Citing Document Sources-Part 1: In-Text Citations
||When using someone else's work, a citation must be given to indicate the source(s) used.
A citation is a note, found either in the body of the text, in a footnote at the bottom of a page, or in an endnote located at the end of the document section, or chapter that provides any or all of the following information:
- who you quoted or who created the ideas that you are paraphrasing
- the title of the book, article, or other source material
- where the material may be found within that source (a page number, for example)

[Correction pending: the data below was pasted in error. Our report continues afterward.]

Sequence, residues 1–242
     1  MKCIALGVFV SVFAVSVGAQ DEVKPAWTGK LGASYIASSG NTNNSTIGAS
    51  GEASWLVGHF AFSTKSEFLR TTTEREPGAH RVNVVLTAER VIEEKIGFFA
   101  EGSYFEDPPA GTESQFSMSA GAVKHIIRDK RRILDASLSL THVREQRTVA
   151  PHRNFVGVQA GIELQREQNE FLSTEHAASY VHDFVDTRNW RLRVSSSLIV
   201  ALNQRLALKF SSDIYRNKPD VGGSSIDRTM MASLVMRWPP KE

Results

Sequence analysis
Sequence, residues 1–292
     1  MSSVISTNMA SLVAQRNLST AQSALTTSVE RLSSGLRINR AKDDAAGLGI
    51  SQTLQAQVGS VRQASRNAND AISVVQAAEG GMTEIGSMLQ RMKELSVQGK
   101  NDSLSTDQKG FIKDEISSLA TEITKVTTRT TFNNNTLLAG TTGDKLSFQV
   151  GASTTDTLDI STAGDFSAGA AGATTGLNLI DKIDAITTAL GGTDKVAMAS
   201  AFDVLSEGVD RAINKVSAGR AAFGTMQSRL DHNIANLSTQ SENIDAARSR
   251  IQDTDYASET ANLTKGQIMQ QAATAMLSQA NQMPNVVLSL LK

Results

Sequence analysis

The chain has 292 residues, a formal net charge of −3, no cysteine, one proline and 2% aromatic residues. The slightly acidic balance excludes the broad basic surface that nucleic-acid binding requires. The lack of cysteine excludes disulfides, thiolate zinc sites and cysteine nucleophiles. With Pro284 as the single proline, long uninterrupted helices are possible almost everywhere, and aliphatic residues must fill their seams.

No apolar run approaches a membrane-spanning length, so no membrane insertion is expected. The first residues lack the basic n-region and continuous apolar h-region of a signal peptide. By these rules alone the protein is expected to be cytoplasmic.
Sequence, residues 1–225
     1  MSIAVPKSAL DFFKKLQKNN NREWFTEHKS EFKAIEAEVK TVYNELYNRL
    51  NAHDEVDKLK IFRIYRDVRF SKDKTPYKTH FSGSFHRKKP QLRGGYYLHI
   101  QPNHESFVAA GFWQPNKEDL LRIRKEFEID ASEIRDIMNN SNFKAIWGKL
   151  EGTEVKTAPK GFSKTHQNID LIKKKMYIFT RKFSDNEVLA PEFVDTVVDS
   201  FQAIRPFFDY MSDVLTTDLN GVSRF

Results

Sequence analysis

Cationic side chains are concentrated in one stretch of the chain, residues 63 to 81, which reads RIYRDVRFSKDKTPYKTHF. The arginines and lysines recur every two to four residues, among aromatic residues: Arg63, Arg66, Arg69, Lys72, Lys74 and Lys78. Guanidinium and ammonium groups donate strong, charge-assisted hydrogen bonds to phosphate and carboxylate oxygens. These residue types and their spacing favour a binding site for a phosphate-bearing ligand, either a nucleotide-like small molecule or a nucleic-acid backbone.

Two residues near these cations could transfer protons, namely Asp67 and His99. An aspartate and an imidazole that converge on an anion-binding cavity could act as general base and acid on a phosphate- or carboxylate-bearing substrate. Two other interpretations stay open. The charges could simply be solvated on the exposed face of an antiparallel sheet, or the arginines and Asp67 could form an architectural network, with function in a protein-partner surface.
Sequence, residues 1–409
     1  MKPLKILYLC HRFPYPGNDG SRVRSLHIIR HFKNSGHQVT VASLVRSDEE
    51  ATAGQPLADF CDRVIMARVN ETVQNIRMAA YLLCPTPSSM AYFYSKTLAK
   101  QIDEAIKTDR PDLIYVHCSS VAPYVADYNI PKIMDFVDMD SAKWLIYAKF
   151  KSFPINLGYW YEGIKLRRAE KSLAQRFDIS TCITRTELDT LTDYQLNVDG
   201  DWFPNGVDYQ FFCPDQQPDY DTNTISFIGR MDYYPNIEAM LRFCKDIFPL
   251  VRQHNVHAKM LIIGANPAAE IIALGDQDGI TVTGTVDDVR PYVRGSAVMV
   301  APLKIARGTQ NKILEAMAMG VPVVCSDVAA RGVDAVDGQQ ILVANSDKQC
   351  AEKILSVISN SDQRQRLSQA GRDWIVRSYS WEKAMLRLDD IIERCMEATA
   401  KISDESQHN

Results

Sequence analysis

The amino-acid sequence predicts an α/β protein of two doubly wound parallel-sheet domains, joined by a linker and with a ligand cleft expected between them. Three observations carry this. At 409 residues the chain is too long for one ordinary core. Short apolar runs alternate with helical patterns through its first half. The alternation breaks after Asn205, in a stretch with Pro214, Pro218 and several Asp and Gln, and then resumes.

- when the original source material was published
Each referencing method has its own requirements for what information must be included in an in-text citation. See the ISU Library's Citing Sources page for more details.
Citations acknowledge the ideas or works of other authors. Not including citations in your work is plagiarism.
Works that need citations include:
- Someone else's idea, theory or opinion
- Music drawings, designs, dance, photography and other artistic or technical works created by someone else
- Reproductions of tables, graphs, photos or any kind of graphic element produced by someone else
- Facts and information that are not generally known
- An unusual or distinctive phrase, a specialized term, a computer code, or quantitative data
- A paraphrase or summary of someone else's spoken or written words
- Contributions of ideas by others with whom you have collaborated.